Scientist, Alec Holland, was working on an ecological revolution in the swamps of Louisiana when he was caught in a bomb blast planted by saboteur rivals who sought to possess his terraforming formula. Doused in chemicals, Holland fled his destroyed lab for the swamp, where he disappeared forevermore. Another being, however, elemental in design, emerged from Holland's resting place. It was a creature inherently connected to the Green and borne of the swampy bog with the mind, moral, soul, and desire to be Holland.

Swamp Thing finds himself the object of envy and fear for many organizatons and individuals, good and bad. His journies as a mystic champion of the Green bring him into contact with many fantastic individuals, including; Batman, Superman, Etrigan, the Spectre, the Phantom Stranger, and John Constantine.
Through this saga, the Swamp Thing learns much of life, love, and humanity.

Round 2!
The eighties saw Swamp Thing permeate through the public consciousness in multiple mediums, but the character is best known in comic circles for the critically acclaimed works of writers like Alan Moore, whose genre blurring investments turned the character from flop, to pop!

This acclaim came too late to save Swamp Thing from a cheesy B-movie sequel, but has relegated the character to his own protected habitat under the Vertigo imprint for mature publications. These days this generally means Swamp Thing's out of bounds to DCU work, which could be a bit of a problem for a game that would side him squarely into representing the DC Universe.

Those making a case for Poison Ivy's alluded connection to the mystic forces that unite nature - the Green - are really talking about something more specifically inline with Swamp Thing. Though a lot sloppier than your average MK character, he's the kind of monster that makes a lot of sense in this world. More than Poison Ivy, at least. C'mon, seriously people...

Finish Him!
Ol' Swampy's pretty good for a bit of monster mash, but I don't know if he's exactly the kind of guy to go charging up a pyramid to kill his fellows. Much of Swamp Thing's acclaim has come from stories deeply motivated by much larger concepts than most superhero biff-offs, owing much to environmental and spiritual issues, as much as standard horror macabre.

If the character was allowed to slip through the cracks, as he has before, then you're sure to have a character of fairly vivid visuals. The strength of the character lives and dies by the quality of the model. This should probably branch out to a variety of oozing, swampy, ferny attacks, as well as a burly lunging fight base. I can just imagine the inevitable melting teleport move, if not a mossy growth finisher that sees evildoers reclaimed by nature. My idea of fun!

Year One: [1971] Group Affiliation: [NA]
Win Percentage: [100%] Cumulative Rank: [#155]
Fighting Ability: [3] Appearance Odds: [15%]

Round 1!
During the 1930s a man is murdered by the mob when he confronts them about the bombing of a textile factory. In an effort to make his death worthwhile, one of the works uses his blood to create a mythological golem to avenge the man's death. Known only as Monolith, the creature kills those responsible, but remains dedicated to eliminating crime. Without control or reference the golem continues to kill criminals regardless of their crime, forcing those that created him to seal him in hidden tunnels beneath the city.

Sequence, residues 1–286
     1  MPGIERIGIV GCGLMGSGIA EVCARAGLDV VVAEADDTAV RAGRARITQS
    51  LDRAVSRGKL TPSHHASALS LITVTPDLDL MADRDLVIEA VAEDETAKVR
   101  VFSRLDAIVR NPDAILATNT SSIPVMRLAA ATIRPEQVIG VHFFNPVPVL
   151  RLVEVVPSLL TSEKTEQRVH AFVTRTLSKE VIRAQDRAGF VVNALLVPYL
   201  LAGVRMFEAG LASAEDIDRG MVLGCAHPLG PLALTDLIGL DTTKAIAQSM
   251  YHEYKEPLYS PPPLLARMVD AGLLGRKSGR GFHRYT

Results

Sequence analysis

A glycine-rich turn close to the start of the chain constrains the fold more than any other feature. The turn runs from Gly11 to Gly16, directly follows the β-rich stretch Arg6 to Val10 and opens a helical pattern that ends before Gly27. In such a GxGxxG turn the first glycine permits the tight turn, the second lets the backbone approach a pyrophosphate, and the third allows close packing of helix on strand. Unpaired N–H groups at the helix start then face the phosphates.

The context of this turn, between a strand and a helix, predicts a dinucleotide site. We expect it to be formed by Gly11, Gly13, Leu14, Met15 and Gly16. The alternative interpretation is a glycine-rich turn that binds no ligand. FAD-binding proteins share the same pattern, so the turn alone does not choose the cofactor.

In the modern era, an inheritance sees a woman named Alice take possession of the her grandmother's home, where the golem is sealed. When she fails to comply with the demands of a drug dealer, she releases Monolith once more, beginning a new era of stoic justice.

Round 2!
This particular mythological guardian has the special distinction of being co-created by Jimmy Palmiotti and Justin Gray! The writers provide consulting and writing for the indepth storymode that will take players through a variety of plot interactions as they play through the fighting game. Given the relative obscurity of the character, one doesn't feel particularly inclined to expect the duo to cram their creation into the game, but that's not to say he wouldn't be at home.

MK has a long tradition with drawing inspiration from mythology. Granted, usually that's Asian mythology, but I don't see why the stoney Monolith of Gotham City couldn't find relevance in this world of gods and monsters!

Finish Him!
When I think of a character like Monolith I can't help but think along the conventional lines of the Jack series from Tekken. Each of the bulky iterations of Tekken's resident robot pack a baseline fight style of big, powerful swinging fists. It's a precedent we haven't quite seen developed in MK as a fighting style, versus the pared down power blows of bosses.

ARTWORK: Mike MignolaDeadman (Boston Brand)
Year One: [1967] Group Affiliation: [NA]
Win Percentage: [100%] Cumulative Rank: [#122]
Fighting Ability: [3] Appearance Odds: [45%]

Round 1!
Once a successful circus trapeze artist; Boston Brand, known to his audience as the crimson garbed Deadman, was murdered during his act by a man with a hook for a hand. Upon his death, Brand was granted the opportunity to seek justice as a spirit by the Hindu goddess, Rama Kushna.

With the ability to possess bodies, Deadman tracks a cartel of drug smugglers who'd been using the circus as a front for their operation. He laters learns of a hidden organization populated by hook-handed henchmen, the Scavengers, and engages them. Deadman continues beyond in the mystic land of Nanda Parbat, where he serves as a spirit guardian for Rama Kushna.

Round 2!